“At one time, he was a rookie, young and playing and having someone helping him and tutoring him,” offensive line coach Joe D'Alessandris said of Yanda in October. “And he's doing the same thing now. And then on game day, he does his job like he's supposed to. His famous quote is, 'Just do your job.' And what he does? He does his job. And that's what he asks all the other guys to do. Just do your job to the best of your ability."

Among Ravens offensive linemen, only Hall of Fame left tackle Jonathan Ogden has done it better. In November, Yanda appeared in his 186th career game for the Ravens (postseason included), the most by a lineman in franchise history. From 2013 to 2016, he was voted one of the NFL’s top 100 players every season by fellow players. If not for a season-ending ankle injury in 2017, Yanda might have finished his career with nine straight Pro Bowl selections.

Nothing about his rise to stardom was predicted. Before he emerged as an All-Big Ten lineman, he was a quiet, hardworking junior-college player from a 1,000-acre farm. On fall Sundays at North Iowa Area Community College, he’d often drive to Iowa’s campus to watch the Hawkeyes practice and hope they might notice him. He didn’t get an offer from their staff until the day he was set to sign a letter of intent with Iowa State.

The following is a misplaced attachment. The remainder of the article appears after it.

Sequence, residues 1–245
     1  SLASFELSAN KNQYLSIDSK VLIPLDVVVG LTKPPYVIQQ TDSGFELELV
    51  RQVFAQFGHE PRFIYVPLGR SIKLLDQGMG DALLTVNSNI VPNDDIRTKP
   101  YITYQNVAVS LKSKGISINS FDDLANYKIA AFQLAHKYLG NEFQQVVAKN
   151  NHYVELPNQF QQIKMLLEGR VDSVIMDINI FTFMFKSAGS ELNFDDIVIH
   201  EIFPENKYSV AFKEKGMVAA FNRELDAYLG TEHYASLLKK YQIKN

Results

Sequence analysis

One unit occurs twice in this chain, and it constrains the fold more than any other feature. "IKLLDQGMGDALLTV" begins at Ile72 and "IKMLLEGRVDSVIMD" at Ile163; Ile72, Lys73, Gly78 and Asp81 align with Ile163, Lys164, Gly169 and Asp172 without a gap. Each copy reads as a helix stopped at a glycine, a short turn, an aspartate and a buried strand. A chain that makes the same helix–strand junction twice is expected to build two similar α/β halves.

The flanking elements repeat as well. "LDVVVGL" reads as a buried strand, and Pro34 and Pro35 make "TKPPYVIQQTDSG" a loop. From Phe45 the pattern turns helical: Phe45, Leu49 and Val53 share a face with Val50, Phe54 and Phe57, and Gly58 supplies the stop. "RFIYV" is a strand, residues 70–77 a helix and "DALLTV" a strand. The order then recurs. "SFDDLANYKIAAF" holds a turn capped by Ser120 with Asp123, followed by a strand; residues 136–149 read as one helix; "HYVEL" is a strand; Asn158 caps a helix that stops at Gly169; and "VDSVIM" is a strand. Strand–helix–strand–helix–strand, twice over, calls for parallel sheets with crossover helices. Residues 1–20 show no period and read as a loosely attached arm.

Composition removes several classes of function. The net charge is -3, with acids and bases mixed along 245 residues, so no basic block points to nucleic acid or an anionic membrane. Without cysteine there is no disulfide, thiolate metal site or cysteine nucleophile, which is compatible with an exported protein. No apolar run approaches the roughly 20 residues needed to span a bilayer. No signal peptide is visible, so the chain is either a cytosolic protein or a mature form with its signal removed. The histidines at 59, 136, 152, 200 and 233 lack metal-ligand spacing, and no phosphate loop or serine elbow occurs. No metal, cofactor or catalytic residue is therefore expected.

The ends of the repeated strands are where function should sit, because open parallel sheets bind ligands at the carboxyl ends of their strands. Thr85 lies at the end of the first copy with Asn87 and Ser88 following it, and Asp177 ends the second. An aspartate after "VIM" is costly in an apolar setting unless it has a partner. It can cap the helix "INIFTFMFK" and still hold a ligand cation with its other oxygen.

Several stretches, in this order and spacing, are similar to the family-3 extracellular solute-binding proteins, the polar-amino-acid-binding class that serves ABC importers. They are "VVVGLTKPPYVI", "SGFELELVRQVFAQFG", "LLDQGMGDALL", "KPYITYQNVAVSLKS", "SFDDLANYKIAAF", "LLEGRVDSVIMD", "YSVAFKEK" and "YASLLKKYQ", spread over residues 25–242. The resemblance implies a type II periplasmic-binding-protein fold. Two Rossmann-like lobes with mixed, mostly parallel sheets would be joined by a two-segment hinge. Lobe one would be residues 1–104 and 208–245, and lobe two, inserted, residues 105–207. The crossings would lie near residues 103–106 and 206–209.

After the Ravens drafted him No. 86 overall in 2007, almost 60 picks after first-round selection Ben Grubbs, Yanda was a Day One starter — at right tackle. He stood out as a bookend, but he excelled inside, where he mauled run defenders who got in his way and was nearly impenetrable in pass protection. Over a 47-game stretch from 2015 to last October, he didn't allow a sack, according to PFF.

“I just have a lot of respect for him and his body of work and how he plays,” Pittsburgh Steelers coach Mike Tomlin told Baltimore reporters last season. “I always have. It’s obvious that he’s the heartbeat of that unit and has been for a long time.”

Yanda embodied the ethos of offensive line play, finding glory in grit. Tales of his pain tolerance are legion — how he agreed to be tased for $600 as a rookie, how he returned to action days after undergoing surgery in 2012 to relieve pressure related to a serious condition known as compartment syndrome, how he moved from right guard to left guard so that he could more easily play with a torn right labrum in 2016.